Posted by on Jul 18, 2017 in Blog | 8 comments

small intestines

Here’s dinner!  Open your mouth and say, “Yum!”

Digestion starts in your mouth.
Teeth, tongue and salivary glands are instrumental in the first step in digestion: tearing food into smaller pieces and providing moisture to move those pieces down the esophagus.

But what happens next?  Let’s find out.

Digestion: The Big Picture

Think about it.  Every day you put foreign matter in your mouth.  That foreign matter has viruses, bacteria and other potentially dangerous substances in it.  Yet, most of us do not get sick after eating.  Why?

Our digestive tract is an amazing system built around keeping us safe and healthy.  Along the path that food takes are specialized cells that secrete mucus and enzymes, absorb nutrients and protect us.  Cells of the immune system are actively engaged in taking out dangerous cells.  Acids are used to kill bacteria. Since the environment of the digestive tract is a harsh one (with all that foreign material entering every day), these cells are replaced at a rapid rate, making them susceptible to the chemotherapy that kills fast growing cancer cells.

From your mouth, food moves down the esophagus and into your stomach.  Even though you may be eating in the sequence of appetizer, salad, dinner and dessert, your food is not digested in that order.  The amount of time your food stays in each part of your digestive tract is different for each type of food you eat. This makes it difficult to estimate the amount of time it takes for dinner to be completely digested. However, there are general estimations available.

Stomach [estimated time: 4 to 5 hours to empty your stomach]

small intestines
Your stomach is a muscular bag whose primary function is food storage.  It secretes hydrochloric acid, mucus and digestive enzymes which sanitize food, breaks it down and churns it into chyme. Gastric folds in the stomach help move the food along the digestive tract.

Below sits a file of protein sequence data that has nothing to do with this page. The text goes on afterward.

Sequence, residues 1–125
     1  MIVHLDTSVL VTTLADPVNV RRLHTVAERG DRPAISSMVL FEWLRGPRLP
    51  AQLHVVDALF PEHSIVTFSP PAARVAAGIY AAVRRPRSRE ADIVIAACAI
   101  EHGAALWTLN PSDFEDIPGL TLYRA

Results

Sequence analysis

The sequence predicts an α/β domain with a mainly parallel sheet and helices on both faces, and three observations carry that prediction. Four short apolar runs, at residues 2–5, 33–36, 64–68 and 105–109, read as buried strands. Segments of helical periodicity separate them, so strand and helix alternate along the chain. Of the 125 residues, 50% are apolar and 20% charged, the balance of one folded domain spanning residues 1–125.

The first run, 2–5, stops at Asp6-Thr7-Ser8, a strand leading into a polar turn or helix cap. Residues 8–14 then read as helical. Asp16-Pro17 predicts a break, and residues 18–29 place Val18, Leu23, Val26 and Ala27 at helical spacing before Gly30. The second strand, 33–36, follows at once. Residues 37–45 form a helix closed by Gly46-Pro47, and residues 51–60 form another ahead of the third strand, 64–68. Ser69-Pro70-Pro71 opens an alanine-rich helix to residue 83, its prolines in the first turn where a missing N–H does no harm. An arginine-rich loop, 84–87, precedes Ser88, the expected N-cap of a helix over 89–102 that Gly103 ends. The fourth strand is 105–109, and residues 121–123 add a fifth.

Small Intestines [estimated time 4 to 6 hours]

The chyme moves through to the small intestines.  It is let in through the pyloric sphincter at a slow rate in order for the small intestines to do its important job of taking in nutrients.

You may not know this but your small intestines is the place where the majority of the nutrients you eat are absorbed.  Your small intestines are longer than you are tall.  The small intestines is only 1 inch in diameter but it is about 10 feet long.

The first section of the small intestines is called the duodenum and is where most of the final breakdown of food occurs. The pancreas sends bicarbonate (to neutralize the acid from the stomach) as well as lipases (enzymes to break down fats), proteases (enzymes that break down proteins) and amylases (enzymes that break down carbohydrates); while the liver and gall bladder send bile to the duodenum.
The jejunum is the middle section of the small intestines. Its interior surface is covered with tiny projections called villi (like the ones pictured in our feature image).  These villi provide extra surface area for absorption of nutrients.  By the time all the chyme passes through this part of the small intestines, 90% of the nutrients have been absorbed.  Now that’s efficient!


The ileum is the final section of the small intestines. At the end is the ileocecal valve, a one directional portal that lets the remains of the chyme move into the large intestines. This juncture is the only place in the small intestines where Vitamin B 12 and bile are absorbed.
Your enteric nervous system or second brain is made up of the over 100 million nerve cells that monitor your digestive system from esophagus to anus. It is said to have more neurons than are in the spinal column.   Although this second brain can act on its own controlling the gut independently, it is actually in constant communication with our big brain.

Colon [estimated time:  30 to 40 hours]

The remains of your dinner enter your colon.  In the colon, the water, nutrients and vitamins are absorbed from the remainder of your dinner.  Vitamins K, B1, B2 and B12 are vitamins that bacteria in the colon produce through fermentation in the colon.

After the colon does its job, what remains leaves your body in the form of feces.  Meanwhile, your dinner has been carried by blood, feeding the cells throughout your body.  An amazing system!